Episode 2: Give them what they want.
My last post was about those unbearable overachieving PMs, which we've all been if we started our careers working in communication agencies before working for them.
In the same vein, working for middle people instead of end clients can be frustrating when you have to provide more than what you've been asked because you need the work.
This is also a major freelancing issue when you work with direct clients, except for end clients you set the pace (and what you invoice for the time and energy spent), not the agency that outsources the work to you.
This is problematic for three reasons:
1. Mission and budget:
The freelance content provider has been assigned a specific job. If you are asked to deliver a reread translation, it's not a translation AND a revision, which is more expensive and takes more time. The revision should be taken care of by the agency. It is therefore NORMAL and not unsatisfactory to deliver a translation that still needs some editing. However, nowadays most agencies expect translators to deliver (auto)revised translations that don't need any amending at the price of a simple translation.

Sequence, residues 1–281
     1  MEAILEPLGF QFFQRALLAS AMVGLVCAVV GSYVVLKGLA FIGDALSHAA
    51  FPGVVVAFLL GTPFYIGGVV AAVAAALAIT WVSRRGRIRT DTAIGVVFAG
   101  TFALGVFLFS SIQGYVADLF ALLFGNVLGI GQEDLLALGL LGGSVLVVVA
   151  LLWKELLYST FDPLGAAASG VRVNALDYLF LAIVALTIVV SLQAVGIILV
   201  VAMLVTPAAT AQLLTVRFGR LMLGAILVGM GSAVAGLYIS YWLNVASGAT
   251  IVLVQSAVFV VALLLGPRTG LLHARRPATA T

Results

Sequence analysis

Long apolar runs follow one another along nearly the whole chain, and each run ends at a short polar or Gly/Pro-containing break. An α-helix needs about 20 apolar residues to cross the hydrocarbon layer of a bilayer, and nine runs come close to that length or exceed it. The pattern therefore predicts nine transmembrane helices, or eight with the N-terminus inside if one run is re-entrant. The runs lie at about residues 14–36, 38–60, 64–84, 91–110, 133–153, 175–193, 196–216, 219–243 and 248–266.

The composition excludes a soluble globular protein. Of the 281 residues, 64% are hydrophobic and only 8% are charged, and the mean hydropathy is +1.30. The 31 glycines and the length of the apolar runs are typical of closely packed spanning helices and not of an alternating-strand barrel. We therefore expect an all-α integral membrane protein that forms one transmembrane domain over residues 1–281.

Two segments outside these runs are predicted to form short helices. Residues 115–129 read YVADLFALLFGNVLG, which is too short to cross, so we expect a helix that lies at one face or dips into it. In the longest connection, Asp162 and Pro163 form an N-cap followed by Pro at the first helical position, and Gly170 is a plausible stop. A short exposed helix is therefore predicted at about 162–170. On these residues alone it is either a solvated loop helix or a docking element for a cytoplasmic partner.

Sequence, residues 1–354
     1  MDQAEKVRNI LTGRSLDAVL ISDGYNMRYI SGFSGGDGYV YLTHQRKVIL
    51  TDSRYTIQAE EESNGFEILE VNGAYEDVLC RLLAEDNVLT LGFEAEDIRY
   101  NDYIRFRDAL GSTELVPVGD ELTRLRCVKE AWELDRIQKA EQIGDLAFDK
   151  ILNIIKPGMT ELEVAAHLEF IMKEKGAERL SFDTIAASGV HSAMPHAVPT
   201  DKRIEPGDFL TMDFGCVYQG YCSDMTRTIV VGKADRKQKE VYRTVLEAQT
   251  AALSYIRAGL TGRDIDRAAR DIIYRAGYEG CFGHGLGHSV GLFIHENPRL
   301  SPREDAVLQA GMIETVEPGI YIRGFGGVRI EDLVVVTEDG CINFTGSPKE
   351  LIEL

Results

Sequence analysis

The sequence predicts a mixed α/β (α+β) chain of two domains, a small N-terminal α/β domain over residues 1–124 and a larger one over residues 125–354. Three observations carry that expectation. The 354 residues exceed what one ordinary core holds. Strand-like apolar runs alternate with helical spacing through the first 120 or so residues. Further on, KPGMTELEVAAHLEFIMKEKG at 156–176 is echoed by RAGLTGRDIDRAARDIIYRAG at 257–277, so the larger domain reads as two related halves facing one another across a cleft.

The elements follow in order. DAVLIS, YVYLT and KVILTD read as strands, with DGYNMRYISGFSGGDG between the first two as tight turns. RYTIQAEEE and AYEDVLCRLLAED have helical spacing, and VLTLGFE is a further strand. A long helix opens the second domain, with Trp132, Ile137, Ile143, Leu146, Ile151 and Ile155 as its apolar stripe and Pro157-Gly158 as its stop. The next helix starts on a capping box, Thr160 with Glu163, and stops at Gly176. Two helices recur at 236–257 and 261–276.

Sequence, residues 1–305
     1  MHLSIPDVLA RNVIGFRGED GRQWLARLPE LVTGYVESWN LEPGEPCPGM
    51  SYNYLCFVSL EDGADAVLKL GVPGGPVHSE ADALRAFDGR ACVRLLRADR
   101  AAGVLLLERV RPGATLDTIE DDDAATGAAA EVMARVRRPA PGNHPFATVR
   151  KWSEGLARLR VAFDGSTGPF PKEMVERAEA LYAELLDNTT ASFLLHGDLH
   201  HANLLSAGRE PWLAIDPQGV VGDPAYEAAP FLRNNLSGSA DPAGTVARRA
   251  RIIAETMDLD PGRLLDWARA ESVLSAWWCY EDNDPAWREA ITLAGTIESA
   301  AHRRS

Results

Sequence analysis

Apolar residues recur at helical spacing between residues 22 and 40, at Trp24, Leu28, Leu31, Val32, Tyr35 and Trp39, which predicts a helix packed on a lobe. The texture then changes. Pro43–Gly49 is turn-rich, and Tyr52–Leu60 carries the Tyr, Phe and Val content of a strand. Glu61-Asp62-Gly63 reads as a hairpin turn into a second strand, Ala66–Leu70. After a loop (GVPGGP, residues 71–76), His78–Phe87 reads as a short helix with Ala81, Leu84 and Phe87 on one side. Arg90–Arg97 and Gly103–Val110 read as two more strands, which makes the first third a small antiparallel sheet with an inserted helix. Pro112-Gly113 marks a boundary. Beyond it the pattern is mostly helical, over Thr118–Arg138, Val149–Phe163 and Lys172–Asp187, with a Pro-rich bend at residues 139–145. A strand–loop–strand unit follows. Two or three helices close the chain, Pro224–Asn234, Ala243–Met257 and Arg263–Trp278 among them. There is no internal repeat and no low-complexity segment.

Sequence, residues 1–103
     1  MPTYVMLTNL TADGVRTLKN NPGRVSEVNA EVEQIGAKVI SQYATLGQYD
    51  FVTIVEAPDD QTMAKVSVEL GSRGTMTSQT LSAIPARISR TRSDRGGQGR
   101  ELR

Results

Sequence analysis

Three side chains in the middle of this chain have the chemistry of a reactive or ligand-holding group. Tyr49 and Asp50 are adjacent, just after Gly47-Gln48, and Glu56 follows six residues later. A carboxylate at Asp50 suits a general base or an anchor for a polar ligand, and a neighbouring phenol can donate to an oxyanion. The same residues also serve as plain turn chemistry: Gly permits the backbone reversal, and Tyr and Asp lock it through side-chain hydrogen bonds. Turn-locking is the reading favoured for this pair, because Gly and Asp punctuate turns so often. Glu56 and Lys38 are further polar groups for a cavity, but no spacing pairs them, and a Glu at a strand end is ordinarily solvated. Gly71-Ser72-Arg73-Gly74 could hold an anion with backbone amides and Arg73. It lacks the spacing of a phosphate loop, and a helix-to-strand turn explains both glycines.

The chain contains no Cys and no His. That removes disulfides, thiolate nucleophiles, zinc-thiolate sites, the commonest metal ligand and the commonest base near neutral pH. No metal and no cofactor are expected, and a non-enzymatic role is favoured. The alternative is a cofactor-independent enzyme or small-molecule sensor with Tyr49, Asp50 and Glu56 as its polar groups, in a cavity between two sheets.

Usually, the end clients need everything for yesterday, so the agencies expect freelancers to deliver perfect work for the day before yesterday. This is not fair, especially when the timeframe is too short to deliver quality work. Agencies shouldn't expect the highest level of creativity and quality control when there's already not enough time to deliver a good quality draft. We are not superhumans and we have other clients.
Absolutely everything we do is constantly assessed and evaluated. This is fine, except when it’s not. The client is the one who decides whether what you submit is good quality. As a copywriter, I write for the end client. Problems arise when the middle person, who is often not a professional copywriter or transcreator, has something to say about my text, or actually amends it before delivering it to the client.
When the client objects to what has been changed without telling me, I end up defending choices I didn't make because I don't want to hurt my relationship with the people who put food on my table by throwing them under the bus.
Of course, any work should be revised and, if needed, edited, but it should be a dialogue. Since discussion takes time, the time spent should also be taken into account in the budget.
Except it's almost never the case.
Don't misunderstand me: working for agencies can be great.
There're always pros and cons to any work, especially when you're a freelancer.
In fact, my next post will be dedicated to those heroes who provide freelancers with great projects while paying us fairly and managing admin tasks and being great to work with.